Sunday, January 22, 2012

Stolen Pixels

I've changed the background image of my blog, using one of my images. I don't know why I just went with the template defaults... easy or lazy? But with all the discussion of piracy and SOPA and PIPA recently, I see (possibly) stolen images everywhere. I wonder if permission was granted to Google or if the template images were purchased from a stock agency or if they were just found and copied because they filled a design need.

I am surprised at the number of people who think that if something is online, it's free... or should be. And I'm even more surprised by the number of my photographer friends who are against any sort of reprisals for theft of intellectual property. Yet they would be in an uproar if they found one of their photographs being used without their permission. Why is a movie or a software program any different?

I am not for or against the proposed SOPA and PIPA bills. I haven't read them in full. Maybe they go too far, I don't know. But I am in favor of punishing those who steal and their indignance at being held to a higher standard is ludicrous to me. Am I a goody-two-shoes? I assure you I am not. But we must all agree to play fair; especially since, thanks to the internet, we are all neighbors.

Now, people have said to me "If you don't want it to be stolen, don't put it on the internet." Surely, we can do better than that. But this brings me to another question that I have asked myself and other photographers: If you couldn't show your photos to anyone... not online or in local galleries or at camera club meetings... would you still take them?


Monte Stevens said...

Way cool to have your own image on your blog.

Yes, at this time I would continue to shoot as I enjoy the creation of images. They help hold memories of places I've been and people I've met. I have no clue what SOPA and PIPA are or say. I'm actually pretty clueless to all the legal stuff about copyrights, image theft and stuff like that. A couple years ago there were a few images stolen from pbase, one of which was mine. Wasn't sure what I could do about it and didn't worry too much. However, I do have images I would like to have all the rights to.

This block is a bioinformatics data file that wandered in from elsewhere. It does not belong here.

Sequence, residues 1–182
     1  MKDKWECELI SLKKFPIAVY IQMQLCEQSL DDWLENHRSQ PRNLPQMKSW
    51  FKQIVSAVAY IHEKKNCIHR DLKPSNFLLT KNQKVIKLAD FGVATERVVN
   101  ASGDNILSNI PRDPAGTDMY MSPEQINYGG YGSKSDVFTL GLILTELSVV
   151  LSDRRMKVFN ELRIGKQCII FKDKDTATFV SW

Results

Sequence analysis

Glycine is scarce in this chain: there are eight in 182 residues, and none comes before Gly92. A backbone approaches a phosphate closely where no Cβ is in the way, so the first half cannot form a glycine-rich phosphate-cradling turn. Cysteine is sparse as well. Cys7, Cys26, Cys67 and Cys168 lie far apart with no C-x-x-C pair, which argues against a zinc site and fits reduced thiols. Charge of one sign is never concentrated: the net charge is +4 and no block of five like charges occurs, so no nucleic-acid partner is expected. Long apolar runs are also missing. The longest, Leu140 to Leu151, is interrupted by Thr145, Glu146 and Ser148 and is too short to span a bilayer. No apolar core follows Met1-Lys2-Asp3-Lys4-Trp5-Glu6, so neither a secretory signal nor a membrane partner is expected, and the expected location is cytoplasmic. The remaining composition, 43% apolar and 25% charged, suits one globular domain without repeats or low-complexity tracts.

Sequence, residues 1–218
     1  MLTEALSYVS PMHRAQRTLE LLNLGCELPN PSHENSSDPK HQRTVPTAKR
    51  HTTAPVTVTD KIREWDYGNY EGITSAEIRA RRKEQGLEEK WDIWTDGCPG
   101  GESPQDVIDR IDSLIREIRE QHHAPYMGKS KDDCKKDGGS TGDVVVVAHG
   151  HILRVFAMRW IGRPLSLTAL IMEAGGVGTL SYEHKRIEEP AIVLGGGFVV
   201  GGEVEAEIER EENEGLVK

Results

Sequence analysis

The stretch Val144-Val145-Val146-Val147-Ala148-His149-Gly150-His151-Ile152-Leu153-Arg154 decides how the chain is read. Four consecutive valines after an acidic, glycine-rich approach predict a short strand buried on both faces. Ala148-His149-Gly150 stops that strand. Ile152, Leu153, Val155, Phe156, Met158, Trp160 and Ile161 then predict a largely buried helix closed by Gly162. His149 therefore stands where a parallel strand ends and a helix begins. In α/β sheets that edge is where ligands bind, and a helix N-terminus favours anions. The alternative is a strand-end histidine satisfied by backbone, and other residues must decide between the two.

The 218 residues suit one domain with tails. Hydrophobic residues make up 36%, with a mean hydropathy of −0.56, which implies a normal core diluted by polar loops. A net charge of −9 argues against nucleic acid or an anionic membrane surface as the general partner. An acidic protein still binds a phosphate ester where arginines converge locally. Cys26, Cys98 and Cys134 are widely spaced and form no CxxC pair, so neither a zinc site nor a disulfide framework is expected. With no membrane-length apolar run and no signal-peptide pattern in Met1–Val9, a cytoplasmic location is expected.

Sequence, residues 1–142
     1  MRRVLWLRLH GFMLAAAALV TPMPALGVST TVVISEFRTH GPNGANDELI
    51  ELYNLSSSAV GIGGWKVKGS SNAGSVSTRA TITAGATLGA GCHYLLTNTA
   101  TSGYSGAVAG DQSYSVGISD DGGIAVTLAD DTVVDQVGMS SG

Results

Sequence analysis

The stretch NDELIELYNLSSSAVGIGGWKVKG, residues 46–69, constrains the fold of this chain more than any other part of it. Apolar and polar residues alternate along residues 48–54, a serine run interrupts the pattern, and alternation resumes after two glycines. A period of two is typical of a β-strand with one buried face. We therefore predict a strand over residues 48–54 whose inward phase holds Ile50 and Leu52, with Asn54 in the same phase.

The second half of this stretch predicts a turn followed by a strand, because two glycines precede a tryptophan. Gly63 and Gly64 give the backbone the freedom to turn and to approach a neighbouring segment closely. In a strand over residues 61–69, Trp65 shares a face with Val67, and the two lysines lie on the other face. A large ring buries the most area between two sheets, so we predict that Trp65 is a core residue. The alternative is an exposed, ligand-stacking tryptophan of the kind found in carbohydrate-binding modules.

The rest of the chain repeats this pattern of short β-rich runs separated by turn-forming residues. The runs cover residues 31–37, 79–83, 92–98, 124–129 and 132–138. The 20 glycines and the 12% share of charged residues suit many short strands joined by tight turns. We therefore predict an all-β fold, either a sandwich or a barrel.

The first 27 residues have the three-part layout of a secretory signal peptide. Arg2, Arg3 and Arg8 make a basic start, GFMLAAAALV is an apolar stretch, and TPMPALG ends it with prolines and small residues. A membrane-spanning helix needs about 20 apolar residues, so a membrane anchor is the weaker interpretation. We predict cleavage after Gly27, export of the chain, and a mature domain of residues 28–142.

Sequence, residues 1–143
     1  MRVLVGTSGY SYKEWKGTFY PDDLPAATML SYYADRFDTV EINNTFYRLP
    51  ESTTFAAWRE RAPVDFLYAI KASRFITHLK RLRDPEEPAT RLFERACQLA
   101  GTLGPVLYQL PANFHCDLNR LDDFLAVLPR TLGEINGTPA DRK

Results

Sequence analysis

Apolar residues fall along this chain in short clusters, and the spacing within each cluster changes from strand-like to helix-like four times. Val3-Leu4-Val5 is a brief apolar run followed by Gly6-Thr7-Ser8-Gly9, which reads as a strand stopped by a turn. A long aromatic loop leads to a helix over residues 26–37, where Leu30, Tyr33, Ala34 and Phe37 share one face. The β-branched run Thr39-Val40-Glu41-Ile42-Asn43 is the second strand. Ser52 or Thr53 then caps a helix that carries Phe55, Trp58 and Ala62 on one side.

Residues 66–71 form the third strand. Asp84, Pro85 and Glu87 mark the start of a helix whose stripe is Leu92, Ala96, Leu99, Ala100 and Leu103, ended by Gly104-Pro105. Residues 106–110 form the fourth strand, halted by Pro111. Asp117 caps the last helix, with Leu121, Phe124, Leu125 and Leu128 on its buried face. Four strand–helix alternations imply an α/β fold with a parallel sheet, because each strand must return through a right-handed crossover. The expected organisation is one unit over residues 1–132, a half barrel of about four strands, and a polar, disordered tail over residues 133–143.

Brent said...

There's a real problem with piracy. I think a lot of this has to do with the business policies and practices of content creators. The audience is hungry for their goods, and sometimes the authors (big business) make their wares very difficult to attain, consume. I think iTunes proved that if it's easy, convenient, and fairly-priced, consumers are all over it. Unfortunately, because of a lot of different factors, demand can far exceed the current distribution paradigm's ability to satiate consumer craving.

This is especially so for those outside of the US. The Internet makes the world seem very connected and small. But try, just try to see an American film in an Mumbai theater. There's no Netflix to rent or stream. Hulu doesn't work there. Some countries still don't have an iTunes store. There's differences in region codes of discs. There's copy protection on those discs so you can't consume the content on the device of your choice, etc. <<<And this is just the American film industry. Imagine the complications around audio, text, and other media from around the world.)

I don't support stealing. And there's a solution to curbing piracy: making content easy and convenient to consume. Until that day, even the most law-abiding citizen will feel tempted to get what they want regardless of potential penalty.

And SOPA/PIPA were poorly-written pieces of legislation that were too broad and too severe. There's a problem, but SOPA/PIPA is not the solution.